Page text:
Material for Worship 8th August

Rev Moira Jamieson writes: You may have noticed that over the past couple of weeks our Gospel passages have mentioned bread, the staple diet of human beings throughout the world. Today’s passage is John 6:35, 41-51. And in Paul’s letter to the Ephesians 4:25-chapter 5 v2, Paul talks of sharing with the needy.

Bread is a basic commodity and is such a simple thing to make, even if you don’t normally bake. In some families, the making of bread is a tradition, passed down from generation to generation. The simple rhythm of mixing ingredients, flour, water, yeast, salt and a sprinkling of sugar, the kneading and stretching of the dough, the waiting for the dough to rise and double in size and the baking in the oven, are a ritual which throughout time has brought families together and kept them sharing stories round the kitchen table. When the ingredients are being mixed it helps keep idle hands busy. The kneading of the dough keeps hands and minds active and moving. The waiting for the dough to rise teaches patience. And the baking in the oven leaves time for reflecting and talking.

All of these attributes could be compared to a good Christian life. When we are ‘doing’ God’s work our hands are moving and not idle and our minds are engaged. As we sit and listen to each other with Christian concern, we learn patience and when we take time to sit and reflect (as I suggested last Sunday) we strengthen our faith and begin to share that faith by talking to others. If you haven’t tried making bread, maybe you would like to have a go in the coming week and donate it to a Foodbank or give it to a neighbour or friend.

It is so reassuring to read these words and know that when we turn to God he will provide all we need.

We need never go hungry and we will never be thirsty if we just believe in God and in what He can do for us.

Take a few moments now to reflect on this image and the words of Jesus and silently pray for those who as yet do not know Jesus.

Such a simple thing, like bread, which has been made for over 6,000 years features many times in passages of scripture. And so it is that Jesus offers us today, in our gospel passage, the image of bread as a way to better understand him. I’m sure his first listeners wondered, too, at how ordinary this man was, whose message they had come to hear. They probably wondered who he thought he was — this Jesus whose parents they knew so well. They wondered how one so much like them in so many ways could begin to think of joining himself to heaven when he said, “I am the bread that came down from heaven.” No doubt they also wondered, how it was he could make such extraordinary claims about something so ordinary: claiming to be the bread which will satisfy hunger and quench thirst for all of time.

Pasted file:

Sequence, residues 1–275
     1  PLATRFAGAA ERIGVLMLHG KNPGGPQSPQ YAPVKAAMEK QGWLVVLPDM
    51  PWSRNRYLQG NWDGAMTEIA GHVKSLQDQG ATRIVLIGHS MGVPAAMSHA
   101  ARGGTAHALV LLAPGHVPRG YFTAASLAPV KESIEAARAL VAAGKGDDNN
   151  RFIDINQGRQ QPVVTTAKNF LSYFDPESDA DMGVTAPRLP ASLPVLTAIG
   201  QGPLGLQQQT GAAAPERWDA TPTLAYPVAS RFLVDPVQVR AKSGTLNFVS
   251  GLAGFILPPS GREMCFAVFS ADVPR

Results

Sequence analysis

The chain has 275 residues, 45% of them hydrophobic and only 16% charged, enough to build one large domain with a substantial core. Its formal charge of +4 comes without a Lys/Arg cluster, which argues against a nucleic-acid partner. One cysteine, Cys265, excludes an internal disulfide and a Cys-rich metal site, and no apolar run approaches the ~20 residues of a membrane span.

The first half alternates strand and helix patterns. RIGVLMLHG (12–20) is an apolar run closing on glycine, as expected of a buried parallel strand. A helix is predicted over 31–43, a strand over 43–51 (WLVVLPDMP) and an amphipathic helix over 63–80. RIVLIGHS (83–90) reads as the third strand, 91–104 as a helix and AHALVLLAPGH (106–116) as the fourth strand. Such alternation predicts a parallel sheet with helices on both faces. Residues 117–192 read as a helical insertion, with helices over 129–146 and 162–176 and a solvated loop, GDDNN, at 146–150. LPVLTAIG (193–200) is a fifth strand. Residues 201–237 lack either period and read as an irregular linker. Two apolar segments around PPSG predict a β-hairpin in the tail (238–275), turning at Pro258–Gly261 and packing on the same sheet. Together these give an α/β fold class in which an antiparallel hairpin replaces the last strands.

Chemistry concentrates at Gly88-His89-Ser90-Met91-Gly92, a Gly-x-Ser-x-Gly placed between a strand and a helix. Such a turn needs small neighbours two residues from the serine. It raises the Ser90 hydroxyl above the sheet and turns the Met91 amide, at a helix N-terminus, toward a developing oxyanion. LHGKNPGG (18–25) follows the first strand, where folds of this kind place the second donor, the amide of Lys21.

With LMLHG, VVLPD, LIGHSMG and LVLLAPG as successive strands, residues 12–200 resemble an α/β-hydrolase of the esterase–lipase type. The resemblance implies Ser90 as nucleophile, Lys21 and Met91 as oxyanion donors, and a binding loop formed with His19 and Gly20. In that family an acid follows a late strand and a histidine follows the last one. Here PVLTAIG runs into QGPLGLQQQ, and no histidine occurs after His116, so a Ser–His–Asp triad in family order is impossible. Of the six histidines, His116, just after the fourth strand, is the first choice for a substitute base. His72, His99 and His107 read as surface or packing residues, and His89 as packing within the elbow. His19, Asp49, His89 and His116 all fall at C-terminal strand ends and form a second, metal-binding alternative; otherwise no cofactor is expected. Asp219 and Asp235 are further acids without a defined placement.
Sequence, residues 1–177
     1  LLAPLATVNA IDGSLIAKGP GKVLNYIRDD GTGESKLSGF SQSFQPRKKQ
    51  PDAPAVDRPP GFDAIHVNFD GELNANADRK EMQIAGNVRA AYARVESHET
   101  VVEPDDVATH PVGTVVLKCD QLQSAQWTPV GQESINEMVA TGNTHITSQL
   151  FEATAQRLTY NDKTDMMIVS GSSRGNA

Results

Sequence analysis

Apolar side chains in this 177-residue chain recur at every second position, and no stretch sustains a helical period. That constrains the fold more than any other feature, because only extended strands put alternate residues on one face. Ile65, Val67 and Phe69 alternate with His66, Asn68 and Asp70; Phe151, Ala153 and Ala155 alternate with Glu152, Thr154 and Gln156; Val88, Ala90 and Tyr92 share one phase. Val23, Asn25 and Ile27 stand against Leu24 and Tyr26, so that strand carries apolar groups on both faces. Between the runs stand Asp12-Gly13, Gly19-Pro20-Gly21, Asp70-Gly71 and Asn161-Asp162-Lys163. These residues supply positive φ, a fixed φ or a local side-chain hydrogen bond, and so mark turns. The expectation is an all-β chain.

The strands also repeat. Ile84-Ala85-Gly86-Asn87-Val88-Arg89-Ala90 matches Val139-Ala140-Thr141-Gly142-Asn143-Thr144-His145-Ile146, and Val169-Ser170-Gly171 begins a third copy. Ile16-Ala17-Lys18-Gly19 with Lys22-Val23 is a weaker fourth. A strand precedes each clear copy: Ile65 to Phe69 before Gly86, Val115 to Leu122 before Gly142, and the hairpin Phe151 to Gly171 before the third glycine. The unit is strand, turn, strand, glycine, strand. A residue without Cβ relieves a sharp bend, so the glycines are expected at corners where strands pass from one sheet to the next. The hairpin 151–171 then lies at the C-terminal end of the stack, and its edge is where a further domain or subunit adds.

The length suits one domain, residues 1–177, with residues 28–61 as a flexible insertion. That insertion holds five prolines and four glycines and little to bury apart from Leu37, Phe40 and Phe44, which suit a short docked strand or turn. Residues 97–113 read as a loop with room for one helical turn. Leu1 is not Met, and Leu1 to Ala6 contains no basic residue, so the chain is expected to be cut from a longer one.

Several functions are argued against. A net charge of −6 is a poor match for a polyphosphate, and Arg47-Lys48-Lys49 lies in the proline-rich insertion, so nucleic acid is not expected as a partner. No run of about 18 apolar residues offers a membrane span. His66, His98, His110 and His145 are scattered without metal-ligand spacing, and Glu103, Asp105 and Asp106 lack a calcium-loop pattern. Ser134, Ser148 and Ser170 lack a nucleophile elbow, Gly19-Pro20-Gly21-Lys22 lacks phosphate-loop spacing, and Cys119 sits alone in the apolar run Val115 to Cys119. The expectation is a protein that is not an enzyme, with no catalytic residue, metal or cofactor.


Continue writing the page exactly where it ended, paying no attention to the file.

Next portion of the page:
It’s how God always seems to work, of course. It’s true there are plenty of extraordinary things which happen in the presence of Jesus, but in the end, God uses fairly ordinary means to reach us. We experience this over and over again in many of Jesus’ teachings. Consider, for instance, his parables where he speaks of things like seeds and weeds and crops and vineyards and lost coins and travellers and families: all these things were very familiar to the people who first listened to what he had to say. And today, of course, he brings to mind the nearly universal image and experience of bread. We can see in this passage that God employs ordinary means to help us understand, to help us embrace and rejoice in God’s love for us and his intentions for us all: including Jesus himself, whose childhood, no doubt mirrored those of his neighbours. After all, it’s the ordinary things that we understand best. And by God’s amazing gift, it’s the ordinary things which the Holy Spirit somehow breaks through and makes new — in such extraordinary ways. Something as simple and as basic as bread is used by Jesus to show how he is the one who gives us new life when we follow him – he is the one who sustains us on our faith journey, and he is the one who teaches us and guides us.

The message coming from our passage today in John’s gospel is to open our hearts and minds to what God is offering us in his Son Jesus Christ. By reading God’s word in scripture regularly we begin to understand what God wants from us and how he wants us to live our lives. If we don’t want to hear the words, ‘You just don’t get it, do you?’ We need to open our minds to receive the Bread of Life who promises us eternal life. Hunger and thirst for Jesus, not for the things of this life, and you will be satisfied beyond your wildest dreams!

Jesus said, “I am the bread of life. Whoever comes to me will never be hungry, and whoever believes in me will never be thirsty.” Amen.

As you sit with your lit candle, take a moment now to think about all those who have not experienced Jesus as the’ Bread of Life,’ and pray for those who have turned away from God.

• Pray for the hungry and the homeless.

• Give thanks for all believers.

• Re-affirm your belief by saying the creed.

Keep watch dear Lord, with those who work, or watch, or wait or weep this day, and give your angels charge over them. Tend the sick, give rest to the weary, bless the dying, soothe the suffering, pity the afflicted, shield the joyous; and all for your love’s sake. Amen.